Plans and early images are reproduced, along with Simon Devitt’s and Paul McCredie’s recent photography, which together significantly boost the standard of architectural history book production in this country. The volume charts the course of the student “architectural group” in 1946 and the successive practices which operated under three company names between 1949 and 1968. With nine contributing authors, it soundly examines the students’ second-year writings, noting the sophisticated intent of their manifesto call for a New Zealand architecture, while resisting commentary on its naive contradictions. Design projects are examined along with essays addressing pertinent aspects relating to The Group’s production.
In 1949, some of the students formed a company with an expressed aim of putting their principles into practice, producing a series of now canonical experimental houses. Although Brenda Vale’s chapter now debunks the economy and thermal performance of The Group’s First House, Gatley and Bill McKay clearly communicate how that split-level, open-plan house with exposed rafters was so revolutionary in 1950. In its various forms, the practice went on to produce some 250 designs. Readers familiar with the Auckland scene will be surprised at the extent of their work, with many unknown (and sometimes ungainly) projects now documented for the first time. Gatley soundly explicates design approaches and concurrent typological investigations, which extend understanding of our (not necessarily Group) post-war domestic architecture.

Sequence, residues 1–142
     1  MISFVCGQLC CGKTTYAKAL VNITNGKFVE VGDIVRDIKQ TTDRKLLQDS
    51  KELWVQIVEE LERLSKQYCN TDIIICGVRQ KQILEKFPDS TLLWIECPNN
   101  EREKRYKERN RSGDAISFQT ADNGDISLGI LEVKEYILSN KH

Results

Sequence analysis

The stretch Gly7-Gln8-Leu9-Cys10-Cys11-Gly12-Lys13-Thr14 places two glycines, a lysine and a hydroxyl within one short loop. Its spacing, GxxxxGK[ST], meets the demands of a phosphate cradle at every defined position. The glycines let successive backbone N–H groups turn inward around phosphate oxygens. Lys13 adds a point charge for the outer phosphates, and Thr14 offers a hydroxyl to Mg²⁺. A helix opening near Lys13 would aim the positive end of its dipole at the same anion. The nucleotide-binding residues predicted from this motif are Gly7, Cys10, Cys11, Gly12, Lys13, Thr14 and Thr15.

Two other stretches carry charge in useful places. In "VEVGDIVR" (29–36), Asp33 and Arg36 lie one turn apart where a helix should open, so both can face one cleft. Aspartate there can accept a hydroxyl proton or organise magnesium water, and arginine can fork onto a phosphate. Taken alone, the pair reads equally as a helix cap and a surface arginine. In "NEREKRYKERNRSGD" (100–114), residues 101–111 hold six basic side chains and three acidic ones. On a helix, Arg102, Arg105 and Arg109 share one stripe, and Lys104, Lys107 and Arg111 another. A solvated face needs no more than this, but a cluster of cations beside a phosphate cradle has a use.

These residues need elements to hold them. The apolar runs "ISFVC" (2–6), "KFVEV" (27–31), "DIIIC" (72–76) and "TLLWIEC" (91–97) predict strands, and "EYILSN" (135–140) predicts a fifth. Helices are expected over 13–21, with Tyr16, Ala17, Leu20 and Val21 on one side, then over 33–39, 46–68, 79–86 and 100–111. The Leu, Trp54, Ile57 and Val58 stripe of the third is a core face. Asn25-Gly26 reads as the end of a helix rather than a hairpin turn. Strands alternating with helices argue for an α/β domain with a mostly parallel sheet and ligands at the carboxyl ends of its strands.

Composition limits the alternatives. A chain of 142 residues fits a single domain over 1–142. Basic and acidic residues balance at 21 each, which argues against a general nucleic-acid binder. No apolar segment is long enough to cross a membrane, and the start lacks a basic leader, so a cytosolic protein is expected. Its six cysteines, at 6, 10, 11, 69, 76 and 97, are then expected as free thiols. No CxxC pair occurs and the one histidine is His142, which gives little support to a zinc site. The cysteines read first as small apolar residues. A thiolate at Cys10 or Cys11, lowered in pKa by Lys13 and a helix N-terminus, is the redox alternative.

Identification of individuals’ work within the practice prompts readers to consider how the designers bounced their schemes against one another’s projects. Gatley’s identification of the extent of Wilson’s interest in the Maori houses is especially noteworthy. Interesting personalities emerge from The Group cohort, with polymath Bruce Rotherham (who notably is recorded to have queried some Group mythology) clearly demanding further study. In its first decade especially, The Group was firmly rooted in the Auckland milieu of Vernon Brown, A R D Fairburn, Bob Lowry et al, and some readers will be drawn to follow up the literary-cultural nationalism of the 1940s and 1950s which is touched on several times throughout the book. Wider issues are also expanded on: the chapter “Buildings for the Sub-tropics”, in particular, offers insightful observations on New Zealand’s broader architectural condition; while in the final chapter Paul Walker and Justine Clark perceptively ruminate on the development of New Zealand’s architectural canon.